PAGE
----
Following Irene, FEMA Takes New Approach To Temporary Housing

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In many parts of the country, FEMA uses trailers as temporary housing to help families displaced by a disaster. 

In the wake of Irene, the agency is trying a new approach that it says is better suited to New England. 

FEMA has renovated an old apartment house in Barre and made it available rent-free to people who lost their homes to the August flooding. 

Ann Marie Bolton had considered her mobile home at Weston Trailer Park in Berlin temporary – until she could save up to buy a wood-frame house. She owned the trailer outright when it was destroyed by Irene. 

She’d paid for it the hard way – with the money she earned as a Vermont Guard soldier deployed to Iraq in 2004 and 2005.

"So, while everybody was watching their house float away, I was watching everything that I fought for float away," Bolton said Wednesday.

After renting an apartment in the months following Irene, Bolton and her 14-year-old daughter now have a chance to regroup and save up for a house, thanks to a FEMA pilot project that has never been tried before in New England and only once elsewhere.

The agency spent about $70,000 to renovate an old building in Barre. The occupants of the five apartments all lost their homes to Irene. They can stay rent free for most of the next year.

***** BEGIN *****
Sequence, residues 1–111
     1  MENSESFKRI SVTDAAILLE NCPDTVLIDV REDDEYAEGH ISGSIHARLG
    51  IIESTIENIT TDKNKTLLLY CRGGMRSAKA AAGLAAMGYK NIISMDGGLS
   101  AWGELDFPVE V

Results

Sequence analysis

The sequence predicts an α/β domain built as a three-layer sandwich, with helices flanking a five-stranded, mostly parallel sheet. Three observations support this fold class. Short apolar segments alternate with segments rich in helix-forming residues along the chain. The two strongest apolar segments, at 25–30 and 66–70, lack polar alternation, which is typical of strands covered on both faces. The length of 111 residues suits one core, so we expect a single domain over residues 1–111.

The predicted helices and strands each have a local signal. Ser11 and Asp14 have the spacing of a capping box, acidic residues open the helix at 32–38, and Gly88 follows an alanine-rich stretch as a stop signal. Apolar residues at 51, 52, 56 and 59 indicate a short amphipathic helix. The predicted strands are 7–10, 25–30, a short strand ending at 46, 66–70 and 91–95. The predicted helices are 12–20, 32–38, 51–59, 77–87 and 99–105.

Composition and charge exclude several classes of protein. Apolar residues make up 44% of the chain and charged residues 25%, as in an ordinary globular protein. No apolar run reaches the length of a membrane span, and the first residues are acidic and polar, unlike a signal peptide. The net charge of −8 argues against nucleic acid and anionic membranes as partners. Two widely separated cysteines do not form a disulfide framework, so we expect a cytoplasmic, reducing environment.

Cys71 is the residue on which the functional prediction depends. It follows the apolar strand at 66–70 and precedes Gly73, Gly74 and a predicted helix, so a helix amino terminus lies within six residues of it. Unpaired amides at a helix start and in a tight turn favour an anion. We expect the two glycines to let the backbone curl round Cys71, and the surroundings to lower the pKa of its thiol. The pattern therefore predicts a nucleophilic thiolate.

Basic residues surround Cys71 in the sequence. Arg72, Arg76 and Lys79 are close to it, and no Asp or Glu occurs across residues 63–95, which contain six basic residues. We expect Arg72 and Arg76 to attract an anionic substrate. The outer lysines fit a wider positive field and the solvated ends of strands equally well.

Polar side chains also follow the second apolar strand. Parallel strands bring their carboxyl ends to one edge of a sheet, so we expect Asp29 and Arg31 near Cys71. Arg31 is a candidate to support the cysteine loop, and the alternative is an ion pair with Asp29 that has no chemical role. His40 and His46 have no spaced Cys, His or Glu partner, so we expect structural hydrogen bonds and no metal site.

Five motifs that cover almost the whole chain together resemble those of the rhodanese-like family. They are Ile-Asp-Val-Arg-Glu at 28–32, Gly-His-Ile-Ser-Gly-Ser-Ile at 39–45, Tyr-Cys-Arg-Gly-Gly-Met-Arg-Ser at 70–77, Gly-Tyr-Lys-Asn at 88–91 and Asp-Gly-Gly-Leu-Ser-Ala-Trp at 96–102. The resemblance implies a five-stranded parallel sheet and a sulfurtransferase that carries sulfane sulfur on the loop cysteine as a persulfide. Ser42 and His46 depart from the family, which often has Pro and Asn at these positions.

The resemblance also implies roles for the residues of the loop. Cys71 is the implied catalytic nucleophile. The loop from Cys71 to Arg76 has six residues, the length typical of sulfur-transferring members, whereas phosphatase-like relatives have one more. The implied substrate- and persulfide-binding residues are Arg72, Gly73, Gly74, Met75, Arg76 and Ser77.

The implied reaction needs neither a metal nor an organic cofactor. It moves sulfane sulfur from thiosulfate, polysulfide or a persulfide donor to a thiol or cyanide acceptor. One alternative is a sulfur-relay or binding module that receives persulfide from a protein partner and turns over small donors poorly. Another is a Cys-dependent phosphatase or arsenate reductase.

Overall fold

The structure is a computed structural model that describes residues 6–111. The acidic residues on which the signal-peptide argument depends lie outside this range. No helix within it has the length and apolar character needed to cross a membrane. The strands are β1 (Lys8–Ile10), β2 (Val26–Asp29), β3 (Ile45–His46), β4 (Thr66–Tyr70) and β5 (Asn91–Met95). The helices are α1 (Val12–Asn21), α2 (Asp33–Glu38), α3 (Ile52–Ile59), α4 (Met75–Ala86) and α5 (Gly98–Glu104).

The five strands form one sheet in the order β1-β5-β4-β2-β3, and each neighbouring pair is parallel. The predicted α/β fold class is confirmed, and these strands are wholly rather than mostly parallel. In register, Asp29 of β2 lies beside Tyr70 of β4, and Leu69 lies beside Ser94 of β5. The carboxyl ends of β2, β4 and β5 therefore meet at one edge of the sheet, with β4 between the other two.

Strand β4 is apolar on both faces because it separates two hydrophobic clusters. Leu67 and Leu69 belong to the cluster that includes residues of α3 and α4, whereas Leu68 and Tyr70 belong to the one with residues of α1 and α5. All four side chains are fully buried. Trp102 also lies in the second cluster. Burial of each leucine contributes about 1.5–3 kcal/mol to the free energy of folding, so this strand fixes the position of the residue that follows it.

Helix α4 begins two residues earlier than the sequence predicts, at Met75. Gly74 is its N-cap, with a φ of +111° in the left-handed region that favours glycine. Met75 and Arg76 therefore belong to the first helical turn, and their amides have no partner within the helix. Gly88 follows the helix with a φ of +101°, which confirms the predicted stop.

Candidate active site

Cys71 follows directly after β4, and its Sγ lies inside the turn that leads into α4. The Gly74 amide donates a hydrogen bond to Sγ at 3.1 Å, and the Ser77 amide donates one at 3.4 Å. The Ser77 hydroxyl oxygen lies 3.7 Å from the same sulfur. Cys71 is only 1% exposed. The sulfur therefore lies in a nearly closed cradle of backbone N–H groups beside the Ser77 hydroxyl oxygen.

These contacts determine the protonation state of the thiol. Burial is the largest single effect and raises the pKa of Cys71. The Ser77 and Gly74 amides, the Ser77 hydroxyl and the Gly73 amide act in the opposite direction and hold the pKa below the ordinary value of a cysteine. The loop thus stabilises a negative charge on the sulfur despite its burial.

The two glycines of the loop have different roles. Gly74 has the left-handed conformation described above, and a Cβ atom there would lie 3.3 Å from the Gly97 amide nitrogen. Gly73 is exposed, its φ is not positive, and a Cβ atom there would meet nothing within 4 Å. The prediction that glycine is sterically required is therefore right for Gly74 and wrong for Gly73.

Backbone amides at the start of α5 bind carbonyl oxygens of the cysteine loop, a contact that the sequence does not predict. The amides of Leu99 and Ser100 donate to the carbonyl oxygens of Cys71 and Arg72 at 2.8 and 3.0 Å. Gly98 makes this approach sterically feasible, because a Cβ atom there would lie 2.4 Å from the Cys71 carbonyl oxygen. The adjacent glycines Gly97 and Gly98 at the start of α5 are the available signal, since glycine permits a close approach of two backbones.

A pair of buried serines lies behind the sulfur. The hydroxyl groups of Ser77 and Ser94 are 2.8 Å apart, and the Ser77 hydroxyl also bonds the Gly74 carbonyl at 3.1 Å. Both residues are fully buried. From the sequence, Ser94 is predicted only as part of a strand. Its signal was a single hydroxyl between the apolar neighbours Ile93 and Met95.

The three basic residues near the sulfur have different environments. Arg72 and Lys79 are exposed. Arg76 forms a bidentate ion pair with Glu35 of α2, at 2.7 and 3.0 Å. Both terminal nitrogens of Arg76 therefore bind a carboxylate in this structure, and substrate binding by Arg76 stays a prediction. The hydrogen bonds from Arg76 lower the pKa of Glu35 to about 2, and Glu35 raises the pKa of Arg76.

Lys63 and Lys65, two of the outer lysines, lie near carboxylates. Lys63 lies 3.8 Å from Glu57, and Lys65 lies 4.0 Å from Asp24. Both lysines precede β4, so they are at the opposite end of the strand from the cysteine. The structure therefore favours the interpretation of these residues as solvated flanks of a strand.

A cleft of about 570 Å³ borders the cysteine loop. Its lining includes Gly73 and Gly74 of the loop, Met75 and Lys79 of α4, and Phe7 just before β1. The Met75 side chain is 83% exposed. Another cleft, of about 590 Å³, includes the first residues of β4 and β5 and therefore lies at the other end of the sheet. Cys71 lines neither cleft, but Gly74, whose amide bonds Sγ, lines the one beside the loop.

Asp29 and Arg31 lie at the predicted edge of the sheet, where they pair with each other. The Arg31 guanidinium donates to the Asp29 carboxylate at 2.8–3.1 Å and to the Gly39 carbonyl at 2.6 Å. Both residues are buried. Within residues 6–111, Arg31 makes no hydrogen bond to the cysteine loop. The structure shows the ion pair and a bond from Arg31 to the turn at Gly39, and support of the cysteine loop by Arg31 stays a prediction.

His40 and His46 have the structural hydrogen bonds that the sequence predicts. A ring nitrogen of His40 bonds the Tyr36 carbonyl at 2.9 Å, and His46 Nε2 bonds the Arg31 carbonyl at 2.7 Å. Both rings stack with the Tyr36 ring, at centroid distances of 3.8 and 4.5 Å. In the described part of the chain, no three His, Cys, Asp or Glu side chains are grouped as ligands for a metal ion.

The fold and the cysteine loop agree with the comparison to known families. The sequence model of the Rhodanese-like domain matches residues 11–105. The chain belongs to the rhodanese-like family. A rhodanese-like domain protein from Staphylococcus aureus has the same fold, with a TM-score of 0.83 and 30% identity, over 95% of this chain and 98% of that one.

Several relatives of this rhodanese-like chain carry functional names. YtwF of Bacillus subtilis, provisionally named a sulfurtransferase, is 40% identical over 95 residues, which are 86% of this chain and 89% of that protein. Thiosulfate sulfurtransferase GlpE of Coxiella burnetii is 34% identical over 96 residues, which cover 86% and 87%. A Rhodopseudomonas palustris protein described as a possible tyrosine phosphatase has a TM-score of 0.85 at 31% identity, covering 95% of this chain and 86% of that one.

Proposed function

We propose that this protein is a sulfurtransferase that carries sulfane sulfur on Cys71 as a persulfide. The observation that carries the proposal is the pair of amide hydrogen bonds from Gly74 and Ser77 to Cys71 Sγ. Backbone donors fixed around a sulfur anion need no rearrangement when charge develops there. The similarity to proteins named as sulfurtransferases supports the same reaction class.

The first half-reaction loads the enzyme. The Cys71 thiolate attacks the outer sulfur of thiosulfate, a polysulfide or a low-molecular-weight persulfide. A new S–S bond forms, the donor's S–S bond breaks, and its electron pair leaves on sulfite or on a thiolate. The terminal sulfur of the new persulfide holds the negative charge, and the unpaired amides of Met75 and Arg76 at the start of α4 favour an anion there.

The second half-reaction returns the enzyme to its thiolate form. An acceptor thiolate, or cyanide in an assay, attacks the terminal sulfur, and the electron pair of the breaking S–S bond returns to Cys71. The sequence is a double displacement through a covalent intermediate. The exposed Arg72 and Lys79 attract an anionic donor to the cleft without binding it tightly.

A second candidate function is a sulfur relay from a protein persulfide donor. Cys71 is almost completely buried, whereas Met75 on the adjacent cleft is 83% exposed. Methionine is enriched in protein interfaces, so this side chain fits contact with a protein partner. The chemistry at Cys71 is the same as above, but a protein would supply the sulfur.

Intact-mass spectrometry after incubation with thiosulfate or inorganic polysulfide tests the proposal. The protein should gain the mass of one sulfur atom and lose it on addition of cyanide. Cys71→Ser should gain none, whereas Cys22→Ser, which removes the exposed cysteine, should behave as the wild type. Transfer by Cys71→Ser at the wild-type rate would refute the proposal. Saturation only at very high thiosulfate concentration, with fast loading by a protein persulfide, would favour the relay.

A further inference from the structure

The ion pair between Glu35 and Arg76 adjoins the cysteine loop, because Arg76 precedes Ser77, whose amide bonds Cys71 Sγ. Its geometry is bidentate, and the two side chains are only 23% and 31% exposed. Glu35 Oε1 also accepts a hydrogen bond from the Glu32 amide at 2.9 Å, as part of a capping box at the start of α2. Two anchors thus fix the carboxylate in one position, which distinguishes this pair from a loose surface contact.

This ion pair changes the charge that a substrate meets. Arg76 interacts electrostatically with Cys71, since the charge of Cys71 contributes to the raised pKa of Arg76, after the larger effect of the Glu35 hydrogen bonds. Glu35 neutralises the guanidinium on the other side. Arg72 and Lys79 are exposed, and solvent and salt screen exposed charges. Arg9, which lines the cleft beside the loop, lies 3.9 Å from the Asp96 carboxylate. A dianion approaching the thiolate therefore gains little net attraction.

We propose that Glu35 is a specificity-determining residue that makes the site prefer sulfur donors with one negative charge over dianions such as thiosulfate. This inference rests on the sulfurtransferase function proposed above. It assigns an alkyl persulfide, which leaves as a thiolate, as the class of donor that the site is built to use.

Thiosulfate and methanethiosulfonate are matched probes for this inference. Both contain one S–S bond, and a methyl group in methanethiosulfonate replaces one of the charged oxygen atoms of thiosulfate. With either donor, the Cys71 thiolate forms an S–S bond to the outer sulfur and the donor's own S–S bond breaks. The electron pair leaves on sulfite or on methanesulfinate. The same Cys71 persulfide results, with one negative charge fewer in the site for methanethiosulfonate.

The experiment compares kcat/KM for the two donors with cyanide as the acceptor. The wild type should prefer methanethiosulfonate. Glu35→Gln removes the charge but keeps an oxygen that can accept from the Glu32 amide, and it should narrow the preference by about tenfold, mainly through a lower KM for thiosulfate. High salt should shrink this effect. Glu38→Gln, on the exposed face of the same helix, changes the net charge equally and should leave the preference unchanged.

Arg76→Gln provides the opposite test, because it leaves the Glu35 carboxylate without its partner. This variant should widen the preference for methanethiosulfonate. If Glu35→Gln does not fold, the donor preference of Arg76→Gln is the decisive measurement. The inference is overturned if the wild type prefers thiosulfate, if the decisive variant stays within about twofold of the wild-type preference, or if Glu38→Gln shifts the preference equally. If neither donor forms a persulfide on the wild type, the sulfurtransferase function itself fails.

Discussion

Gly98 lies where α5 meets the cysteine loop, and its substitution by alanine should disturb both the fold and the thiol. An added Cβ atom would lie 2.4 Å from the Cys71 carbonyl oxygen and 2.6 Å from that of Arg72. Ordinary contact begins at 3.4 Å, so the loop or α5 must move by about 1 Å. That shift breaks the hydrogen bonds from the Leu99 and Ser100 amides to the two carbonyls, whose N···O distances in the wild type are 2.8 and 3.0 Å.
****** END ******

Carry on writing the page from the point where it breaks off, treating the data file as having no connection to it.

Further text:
Bolton’s roomy apartment is filled with donated furniture from her family. It’s a stop along the way to the permanent home she dreams of.

"The apartment life is really not for us," she said.  "It’s nice because you get to know your neighbors and you’re really close-knit, but its nothing like having your own four walls."

Upstairs there’s another freshly renovated apartment occupied by Steve Cutlip, a 67-year-old veteran of three tours in Vietnam.

Cutlip says he doesn’t know what he’ll do in the future, but this apartment gives him a chance to size up his options.

"This opportunity arose and I couldn’t pass it up," he said. " It’s a place to come to to get back on my feet.  What can I say?  They’ve offered me quite a bit."

The City of Barre, the state and non-profits all played a part in helping the project come together. But it’s unclear if there will be others like it, given the tight market for affordable rental housing in Vermont and the requirements of the program.

"This was more of a pilot to see how it fit our region," said Albert Ferri of FEMA. "There’s certain criteria that the building has to meet. We had to search pretty hard."

As the apartments’ current residents move into more permanent housing, Ferri says the agency will move other displaced families into the building. 

FEMA is currently providing rental assistance to about 45 other families in Washington County who lost homes to Irene.

The building’s landlords say they’re happy with the arrangement, even though they won’t be getting any rent for some time. For them, the money the government put into renovating the building is worth it.

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